Many myths exist regarding bankruptcy, and one misconception may center on the debtor’s overall income and obligations. Beliefs that only wealthy New Jersey residents seek bankruptcy protection are inaccurate. Low-income earners could find themselves dealing with significant debt as medical bills or unemployment-driven borrowing could force people of limited means into federal court. Individuals earning lower incomes may benefit from learning about bankruptcy laws that are there for them.
Points about bankruptcy for low-income earners
Regardless of the debtor’s past or present net worth, anyone intending to file bankruptcy will need to address the bankruptcy filing fee. “Address” doesn’t necessarily mean that the filer must pay the fee: A waiver could be an option for someone below 150% of the federal poverty level.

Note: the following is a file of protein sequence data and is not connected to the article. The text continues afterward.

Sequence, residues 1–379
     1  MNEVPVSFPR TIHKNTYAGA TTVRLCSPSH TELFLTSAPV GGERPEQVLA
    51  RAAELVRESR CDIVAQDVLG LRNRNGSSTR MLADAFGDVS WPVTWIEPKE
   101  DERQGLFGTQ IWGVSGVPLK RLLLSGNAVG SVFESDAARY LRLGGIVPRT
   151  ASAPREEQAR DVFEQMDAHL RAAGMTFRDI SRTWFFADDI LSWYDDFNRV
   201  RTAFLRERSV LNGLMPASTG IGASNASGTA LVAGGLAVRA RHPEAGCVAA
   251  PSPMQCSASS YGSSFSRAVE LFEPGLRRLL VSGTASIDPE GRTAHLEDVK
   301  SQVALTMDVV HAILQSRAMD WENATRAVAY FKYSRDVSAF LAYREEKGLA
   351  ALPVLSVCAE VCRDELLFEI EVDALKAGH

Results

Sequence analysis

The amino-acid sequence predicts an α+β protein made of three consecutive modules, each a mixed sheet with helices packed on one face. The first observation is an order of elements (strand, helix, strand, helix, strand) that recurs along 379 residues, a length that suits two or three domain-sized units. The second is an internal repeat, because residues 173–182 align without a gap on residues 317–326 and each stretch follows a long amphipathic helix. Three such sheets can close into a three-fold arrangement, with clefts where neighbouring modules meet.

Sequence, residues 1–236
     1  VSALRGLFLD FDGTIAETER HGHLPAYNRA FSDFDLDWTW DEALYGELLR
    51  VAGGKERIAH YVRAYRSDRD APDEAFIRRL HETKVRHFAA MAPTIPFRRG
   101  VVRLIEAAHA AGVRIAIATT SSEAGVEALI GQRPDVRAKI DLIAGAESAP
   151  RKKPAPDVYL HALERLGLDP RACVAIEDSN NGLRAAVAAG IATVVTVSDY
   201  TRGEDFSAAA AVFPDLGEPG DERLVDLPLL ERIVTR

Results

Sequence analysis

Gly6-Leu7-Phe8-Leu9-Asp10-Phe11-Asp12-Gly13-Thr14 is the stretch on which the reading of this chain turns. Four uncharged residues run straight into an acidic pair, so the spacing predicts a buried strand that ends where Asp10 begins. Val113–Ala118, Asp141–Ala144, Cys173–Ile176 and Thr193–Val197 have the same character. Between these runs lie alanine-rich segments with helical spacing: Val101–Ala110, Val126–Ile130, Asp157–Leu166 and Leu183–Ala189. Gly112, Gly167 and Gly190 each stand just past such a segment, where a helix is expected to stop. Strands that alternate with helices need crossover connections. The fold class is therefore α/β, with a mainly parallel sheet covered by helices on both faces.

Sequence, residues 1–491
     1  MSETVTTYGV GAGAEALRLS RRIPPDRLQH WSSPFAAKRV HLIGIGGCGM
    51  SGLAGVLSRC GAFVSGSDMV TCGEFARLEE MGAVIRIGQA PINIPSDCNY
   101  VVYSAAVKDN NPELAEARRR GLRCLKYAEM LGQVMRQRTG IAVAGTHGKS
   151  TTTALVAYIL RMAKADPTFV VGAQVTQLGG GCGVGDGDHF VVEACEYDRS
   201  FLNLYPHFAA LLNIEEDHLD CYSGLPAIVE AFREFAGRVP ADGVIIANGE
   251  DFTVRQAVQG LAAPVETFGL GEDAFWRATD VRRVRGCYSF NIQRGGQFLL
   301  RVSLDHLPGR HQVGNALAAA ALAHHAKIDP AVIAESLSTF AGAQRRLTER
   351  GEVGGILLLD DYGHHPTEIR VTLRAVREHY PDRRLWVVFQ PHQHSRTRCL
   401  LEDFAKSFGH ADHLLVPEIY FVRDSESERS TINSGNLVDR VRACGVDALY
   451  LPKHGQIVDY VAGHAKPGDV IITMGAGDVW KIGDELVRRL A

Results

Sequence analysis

Not everyone realizes that a waiver is a possible option, so someone might not seek bankruptcy protections over concerns about such fees. Reviewing basic information about bankruptcy laws could lead a debtor to realize that the process may be more inclusive than they believed.
Chapter 13 vs. Chapter 7 bankruptcy
Worries about making monthly bankruptcy plan payments could stress out a would-be filer. The individual might not realize that there are different types of personal bankruptcy, and Chapter 13 bankruptcy involves making payments to cover any debt not discharged. However, someone with few assets and limited earnings may qualify for Chapter 7.
Chapter 7 bankruptcy involves liquidating any non-exempt and available assets to pay creditors. Some debts may face a discharge, meaning the borrower doesn’t have to repay them. There is no payment plan with Chapter 7.
Chapter 13 involves making a workable and reasonable payment plan based on the person’s income and assets, so a lower-income filer not qualified for Chapter 7 may find a Chapter 13 payment plan affordable. Those who are unable to make their payments might end up reclassified under Chapter 7.